Journal Article

Complete Genome Sequence of <i>Yersinia pestis</i> Strain 91001, an Isolate Avirulent to Humans

Yajun Song, Zongzhong Tong, Jin Wang, Li Wang, Zhaobiao Guo, Yanpin Han, Jianguo Zhang, Decui Pei, Dongsheng Zhou, Haiou Qin, Xin Pang, Yujun Han, Junhui Zhai, Min Li, Baizhong Cui, Zhizhen Qi, Lixia Jin, Ruixia Dai, Feng Chen, Shengting Li, Chen Ye, Zongmin Du, Wei Lin, Jun Wang, Jun Yu, Huanming Yang, Jian Wang, Peitang Huang and Ruifu Yang

in DNA Research

Published on behalf of Kazusa DNA Research Institute

Volume 11, issue 3, pages 179-197
Published in print January 2004 | ISSN: 1340-2838
Published online January 2004 | e-ISSN: 1756-1663 | DOI: http://dx.doi.org/10.1093/dnares/11.3.179

Show Summary Details

Preview

Genomics provides an unprecedented opportunity to probe in minute detail into the genomes of the world's most deadly pathogenic bacteria-Yersinia pestis. Here we report the complete genome sequence of Y. pestis strain 91001, a human-avirulent strain isolated from the rodent Brandt's vole-Microtus brandti. The genome of strain 91001 consists of one chromosome and four plasmids (pPCP1, pCD1, pMT1 and pCRY). The 9609-bp pPCP1 plasmid of strain 91001 is almost identical to the counterparts from reference strains (CO92 and KIM). There are 98 genes in the 70,159-bp range of plasmid pCD1. The 106,642-bp plasmid pMT1 has slightly different architecture compared with the reference ones. pCRY is a novel plasmid discovered in this work. It is 21,742 bp long and harbors a cryptic type IV secretory system. The chromosome of 91001 is 4,595,065 bp in length. Among the 4037 predicted genes, 141 are possible pseudogenes. Due to the rearrangements mediated by insertion elements, the structure of the 91001 chromosome shows dramatic differences compared with CO92 and KIM. Based on the analysis of plasmids and chromosome architectures, pseudogene distribution, nitrate reduction negative mechanism and gene comparison, we conclude that strain 91001 and other strains isolated from M. brandti might have evolved from ancestral Y. pestis in a different lineage. The large genome fragment deletions in the 91001 chromosome and some pseudogenes may contribute to its unique nonpathogenicity to humans and host-specificity.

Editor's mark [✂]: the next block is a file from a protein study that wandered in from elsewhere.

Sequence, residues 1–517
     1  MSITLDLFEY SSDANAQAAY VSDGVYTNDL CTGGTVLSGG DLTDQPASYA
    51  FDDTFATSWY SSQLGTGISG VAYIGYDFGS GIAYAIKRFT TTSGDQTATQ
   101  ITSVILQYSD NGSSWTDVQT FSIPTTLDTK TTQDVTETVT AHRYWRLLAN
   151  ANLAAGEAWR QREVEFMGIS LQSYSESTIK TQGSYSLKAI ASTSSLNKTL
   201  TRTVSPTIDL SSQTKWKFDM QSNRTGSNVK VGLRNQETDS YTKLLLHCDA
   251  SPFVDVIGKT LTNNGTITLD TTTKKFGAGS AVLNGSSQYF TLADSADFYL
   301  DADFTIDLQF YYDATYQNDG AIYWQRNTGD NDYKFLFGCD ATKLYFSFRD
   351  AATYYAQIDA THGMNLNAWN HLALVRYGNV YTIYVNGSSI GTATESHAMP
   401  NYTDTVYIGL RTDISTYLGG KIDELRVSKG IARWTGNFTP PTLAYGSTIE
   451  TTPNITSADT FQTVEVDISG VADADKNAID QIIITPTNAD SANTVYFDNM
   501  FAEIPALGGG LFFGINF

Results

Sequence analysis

Keywords: Yersinia pestis; genome; evolution; pathogenicity

Journal Article.  0 words. 

Subjects: Genetics and Genomics

Users without a subscription are not able to see the full content. Please, subscribe or login to access all content.